Grows on you


Bacteria are unicellular ("one cell"), prokaryotic organisms that are usually microscopic, ranging from 0.2 to 10 micrometers (1 micrometer equals 1/25,000 inch). They generally lack organelles, such as a nucleus. About 4000 species have been identified, and there are probably lots more. There are bacteria that live in air, soil, freshwater, seawater, hot springs, frozen soil, on plants, animals, and on and in you! Some foods we enjoy are produced by bacteria, such as cheese, yogurt, and pickles. Other bacteria can be harmful and cause diseases, such as the pathogenic Streptococcus.

There are two different kinds of bacteria in this image. I found them on a copepod I was studying. They were happily living on the surface of crustacean cuticle in the open ocean. Both of these types are classified as bacilli (rod-shaped), but one type is bumpy and the other is smooth. Other shapes of bacteria are cocci (spheres)(like the Streptococcus) and spirochetes (spirals), like leptospirosis.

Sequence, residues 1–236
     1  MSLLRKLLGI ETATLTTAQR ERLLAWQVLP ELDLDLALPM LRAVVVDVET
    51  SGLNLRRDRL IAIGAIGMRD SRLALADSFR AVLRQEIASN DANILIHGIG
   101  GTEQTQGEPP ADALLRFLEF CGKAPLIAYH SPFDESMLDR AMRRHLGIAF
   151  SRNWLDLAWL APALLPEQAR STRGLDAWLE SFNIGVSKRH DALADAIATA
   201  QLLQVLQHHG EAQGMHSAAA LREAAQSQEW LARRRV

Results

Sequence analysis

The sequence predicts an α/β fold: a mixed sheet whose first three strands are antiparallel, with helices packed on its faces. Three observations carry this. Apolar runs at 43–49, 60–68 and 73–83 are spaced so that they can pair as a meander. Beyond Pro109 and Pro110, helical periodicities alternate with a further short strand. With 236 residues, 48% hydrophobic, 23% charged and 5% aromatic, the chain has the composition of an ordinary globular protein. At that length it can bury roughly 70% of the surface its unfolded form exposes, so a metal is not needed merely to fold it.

Useful as recyclers, bacteria are important in decomposing many kinds of compounds. They feed on plant and animal wastes, but can also attack and degrade most anything humans can make, including detergents, poisons, and oil!

About 250,000 bacteria could fit on the period at the end of this sentence.

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Copyright © 1996-2000 Tina (Weatherby) Carvalho...MicroAngela
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